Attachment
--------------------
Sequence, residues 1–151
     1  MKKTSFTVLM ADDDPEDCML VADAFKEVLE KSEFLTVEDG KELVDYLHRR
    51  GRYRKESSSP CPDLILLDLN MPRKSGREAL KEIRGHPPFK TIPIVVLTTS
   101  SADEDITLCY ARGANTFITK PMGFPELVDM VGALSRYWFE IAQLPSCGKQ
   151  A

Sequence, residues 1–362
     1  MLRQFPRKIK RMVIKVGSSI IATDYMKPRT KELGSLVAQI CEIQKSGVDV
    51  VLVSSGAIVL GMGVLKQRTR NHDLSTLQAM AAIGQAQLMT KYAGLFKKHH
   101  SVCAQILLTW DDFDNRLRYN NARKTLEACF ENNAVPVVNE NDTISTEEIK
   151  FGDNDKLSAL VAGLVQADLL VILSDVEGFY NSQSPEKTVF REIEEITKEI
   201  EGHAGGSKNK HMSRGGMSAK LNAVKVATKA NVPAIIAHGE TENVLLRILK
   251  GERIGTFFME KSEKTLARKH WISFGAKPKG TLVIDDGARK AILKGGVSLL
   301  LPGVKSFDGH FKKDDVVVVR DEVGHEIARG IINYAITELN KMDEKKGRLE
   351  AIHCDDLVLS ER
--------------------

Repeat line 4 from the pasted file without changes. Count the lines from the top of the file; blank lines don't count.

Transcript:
   101  SADEDITLCY ARGANTFITK PMGFPELVDM VGALSRYWFE IAQLPSCGKQ